Skip to Content

Autumn comes to the Southeast

September 1 marks the start of climatological fall for atmospheric scientists like me. As I write this article (for the Peanut Pointers newsletter) on September 2, the tropics are active, with two named storms (Nana and Omar) and two more areas that could develop in the next week. Tropical activity is part of autumn in the Southeast, since we are not even halfway through this hurricane season yet (the mid-way point is around September 10 but it can go into November or occasionally even later). With such an active season, we are likely to see more tropical activity in the peanut-growing regions, although where and when are not certain. If you are not prepared, there is still time to do so. And keep watching the forecasts, because when one does head your way, you may not have much time to get ready.

Summer for most of the Southeast was warmer and wetter than normal. Nights were especially warm, due in part to high humidity, which kept temperatures from falling overnight. We can also see this in some of the humidity-related diseases that are showing up in many crops this year. At the same time, parts of southern Georgia experienced fairly dry conditions which caused some stress on crops, although that has mostly been alleviated for now.

The forecast models show that we are likely to see our first breath of cooler air coming in from the north by the end of the first week of September. At this point it is not clear that it will make it all the way to the coast, but some areas should see more fall-like conditions, at least temporarily. The forecast for September still puts southern Georgia and Alabama and Florida in an increased chance for warmer than normal temperature. Rainfall for the next three months is expected to be above normal across most of the region due in large part to the tropical activity that is expected to occur yet this year. But there will be plenty of sunny, dry days as well, so you should have time to get your field work done, especially if the tropical storms go elsewhere.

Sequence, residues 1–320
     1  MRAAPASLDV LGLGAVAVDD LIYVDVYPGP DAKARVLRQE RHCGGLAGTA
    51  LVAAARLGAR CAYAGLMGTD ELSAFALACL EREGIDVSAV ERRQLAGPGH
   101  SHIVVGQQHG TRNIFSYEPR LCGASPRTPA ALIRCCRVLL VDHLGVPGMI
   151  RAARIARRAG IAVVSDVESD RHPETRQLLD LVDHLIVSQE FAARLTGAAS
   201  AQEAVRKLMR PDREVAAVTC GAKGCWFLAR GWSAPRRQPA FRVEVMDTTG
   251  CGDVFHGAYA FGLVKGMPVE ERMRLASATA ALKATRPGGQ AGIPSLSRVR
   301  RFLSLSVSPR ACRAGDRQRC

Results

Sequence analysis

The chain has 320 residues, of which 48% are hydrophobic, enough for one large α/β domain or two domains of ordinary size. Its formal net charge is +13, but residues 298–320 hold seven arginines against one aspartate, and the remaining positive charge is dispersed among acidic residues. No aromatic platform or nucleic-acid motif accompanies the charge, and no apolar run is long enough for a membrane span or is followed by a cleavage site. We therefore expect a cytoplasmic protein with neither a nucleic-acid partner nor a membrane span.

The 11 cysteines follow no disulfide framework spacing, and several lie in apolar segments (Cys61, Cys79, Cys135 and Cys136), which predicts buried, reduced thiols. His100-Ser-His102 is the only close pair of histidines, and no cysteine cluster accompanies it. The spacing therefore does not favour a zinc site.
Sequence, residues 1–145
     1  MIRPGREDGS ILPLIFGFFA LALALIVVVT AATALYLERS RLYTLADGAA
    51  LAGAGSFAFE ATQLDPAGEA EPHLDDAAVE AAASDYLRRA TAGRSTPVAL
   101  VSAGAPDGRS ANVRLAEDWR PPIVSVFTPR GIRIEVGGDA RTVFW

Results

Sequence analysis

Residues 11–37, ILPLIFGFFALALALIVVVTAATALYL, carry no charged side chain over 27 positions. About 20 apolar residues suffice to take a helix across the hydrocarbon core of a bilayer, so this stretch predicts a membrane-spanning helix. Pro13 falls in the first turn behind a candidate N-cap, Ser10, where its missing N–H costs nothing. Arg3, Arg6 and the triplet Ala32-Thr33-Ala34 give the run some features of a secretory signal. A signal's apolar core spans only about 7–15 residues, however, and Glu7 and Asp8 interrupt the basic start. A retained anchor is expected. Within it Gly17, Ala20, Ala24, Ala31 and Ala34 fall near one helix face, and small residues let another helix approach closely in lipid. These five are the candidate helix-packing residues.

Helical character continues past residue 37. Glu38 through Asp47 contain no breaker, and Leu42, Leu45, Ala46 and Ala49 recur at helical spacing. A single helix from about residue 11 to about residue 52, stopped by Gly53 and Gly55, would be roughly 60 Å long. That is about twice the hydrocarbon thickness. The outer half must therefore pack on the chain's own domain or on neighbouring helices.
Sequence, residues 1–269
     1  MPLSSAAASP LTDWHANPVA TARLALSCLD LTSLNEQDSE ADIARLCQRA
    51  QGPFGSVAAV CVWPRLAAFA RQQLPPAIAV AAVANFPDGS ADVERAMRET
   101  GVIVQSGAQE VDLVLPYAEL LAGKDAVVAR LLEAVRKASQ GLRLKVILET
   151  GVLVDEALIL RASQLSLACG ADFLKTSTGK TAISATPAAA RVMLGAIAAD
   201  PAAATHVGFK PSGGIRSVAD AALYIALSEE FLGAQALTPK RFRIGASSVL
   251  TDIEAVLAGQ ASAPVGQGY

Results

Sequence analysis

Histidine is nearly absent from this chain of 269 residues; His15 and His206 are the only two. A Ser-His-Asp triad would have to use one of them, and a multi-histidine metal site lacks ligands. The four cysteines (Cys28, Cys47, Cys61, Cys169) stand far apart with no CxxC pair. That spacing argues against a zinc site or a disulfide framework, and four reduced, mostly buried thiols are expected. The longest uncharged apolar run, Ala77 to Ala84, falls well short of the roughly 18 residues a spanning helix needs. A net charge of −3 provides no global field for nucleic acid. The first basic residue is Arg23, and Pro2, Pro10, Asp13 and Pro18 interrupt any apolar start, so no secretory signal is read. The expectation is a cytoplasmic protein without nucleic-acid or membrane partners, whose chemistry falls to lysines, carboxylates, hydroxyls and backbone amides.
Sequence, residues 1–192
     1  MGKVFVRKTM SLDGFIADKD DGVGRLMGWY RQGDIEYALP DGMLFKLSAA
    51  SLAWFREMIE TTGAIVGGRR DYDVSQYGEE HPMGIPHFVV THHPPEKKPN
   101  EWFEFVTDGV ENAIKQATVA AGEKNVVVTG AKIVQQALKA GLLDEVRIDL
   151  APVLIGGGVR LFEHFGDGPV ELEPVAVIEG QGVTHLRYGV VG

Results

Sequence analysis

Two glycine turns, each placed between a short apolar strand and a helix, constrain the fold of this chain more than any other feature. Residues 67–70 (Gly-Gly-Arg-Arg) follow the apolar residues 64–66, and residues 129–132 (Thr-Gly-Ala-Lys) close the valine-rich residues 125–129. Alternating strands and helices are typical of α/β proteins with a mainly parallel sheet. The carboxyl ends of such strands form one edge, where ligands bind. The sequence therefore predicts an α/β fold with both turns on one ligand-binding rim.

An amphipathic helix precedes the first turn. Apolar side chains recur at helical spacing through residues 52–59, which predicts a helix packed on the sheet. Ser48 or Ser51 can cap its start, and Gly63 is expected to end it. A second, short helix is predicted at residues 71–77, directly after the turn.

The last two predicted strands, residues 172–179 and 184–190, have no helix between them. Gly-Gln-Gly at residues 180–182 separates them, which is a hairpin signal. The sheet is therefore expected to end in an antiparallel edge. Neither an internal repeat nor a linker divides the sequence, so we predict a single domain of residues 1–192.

We are currently in a La Nina watch, and I expect that one will be declared in the next month or two. If one occurs, we can expect drier, warmer and sunnier conditions across most of southern Georgia and Alabama and Florida over the winter. Lack of winter rainfall can lead to dry conditions in the following growing season, but we have a lot of time and weather to experience before we have to worry about that.